Understanding your shoulder: bursitis and rotator cuff tears
Have you been told you have shoulder bursitis?
What about a rotator cuff tear?
You're not alone. These are some of the most common shoulder problems that people come into the physiotherapy clinic with. One of the most important steps of getting on top of the pain is first understanding what's really going on with your shoulder.
What's causing the pain?
It's not only the bursa that is contributing to your pain (even if your scans say so!). The shoulder girdle is a highly complex structure consisting of four different joints. The main joint that people generally relate to the shoulder girdle is the glenohumeral joint, which is a ball-and-socket connecting your arm to your body. All of the joints and muscles need to work together to perform a simple movement such as lifting your arm up above your head. If one or more of the muscles aren't doing their job properly, the movement gets disrupted and different structures in the shoulder can become compressed. Common structures include:
Rotator cuff tendon
Compression of joint structures can lead to pain and clicking/clunking in the shoulder.
What is the rotator cuff?
The rotator cuff is a group of four muscles that sit within your shoulder blade and attach to the top of your upper arm bone (humerus) - forming a cuff around your shoulder joint. These muscles help rotate your shoulder inwards and outwards, and keeps the ball of your humerus stabilised in its socket.
The stabiliser role of the rotator cuff is extremely important during all shoulder movements such as reaching into the cupboard or lifting a grocery bag. If the rotator cuff muscles aren't functioning as they should, it can lead to pain during these movements.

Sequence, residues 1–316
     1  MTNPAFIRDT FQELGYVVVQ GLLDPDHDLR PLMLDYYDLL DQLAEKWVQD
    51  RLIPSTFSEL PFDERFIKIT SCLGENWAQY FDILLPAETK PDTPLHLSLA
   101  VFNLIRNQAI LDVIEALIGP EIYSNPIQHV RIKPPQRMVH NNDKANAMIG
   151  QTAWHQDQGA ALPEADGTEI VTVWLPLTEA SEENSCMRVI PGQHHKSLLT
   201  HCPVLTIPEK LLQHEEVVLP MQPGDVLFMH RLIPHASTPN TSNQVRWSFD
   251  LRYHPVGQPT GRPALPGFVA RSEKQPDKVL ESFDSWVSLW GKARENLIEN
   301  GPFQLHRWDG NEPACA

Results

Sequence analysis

I have a rotator cuff tear on my scans!
The good news about the rotator cuff is that all four of the muscles blend together at the humerus and help each other out when it comes to shoulder movement. This means that even if one muscle is injured or torn, the shoulder can still function normally. It often helps to picture the rotator cuff like a blanket that's wrapping around the shoulder. If we cut a hole in a blanket, it will still serve its function of keeping us warm. A Physiotherapist can discuss your scan findings with you at your consultation.
Lots of people over the age of 30 are currently walking around with tears in their rotator cuff and in no pain at all. Likewise, your scan might show up clear but your shoulder pain is telling you a different story. Everyone's pain is different, which is why a full assessment needs to be completed before coming up with a treatment plan that will work best for you.
Of course, if you've experienced a traumatic injury to your shoulder, are experiencing unremitting pain or are feeling generally unwell - please consult with your physiotherapist or a trusted health professional.
Breaking the cycle of inactivity
The most common mistake that people make when it comes to shoulder pain is avoiding using it altogether. This often seems like the only option when the shoulder gets so sore that it becomes difficult to do something as simple as getting dressed, let alone lifting weights at the gym. Avoiding use of the shoulder leads to muscle weakness, which then makes it harder for the muscles to do its job. This means that the joint has less support and more stress is put on the already painful shoulder structures. And so the cycle repeats.
The first step to breaking this cycle is knowing where to begin (and when to stop). Often it takes something as simple as getting a few muscles working and making some small lifestyle adjustments to settle down the pain. It is important to monitor your symptoms when starting a new exercise to ensure recovery is on the right track. Physiotherapists can help you along this journey by providing pain management strategies and specific exercises suited to your pain and lifestyle.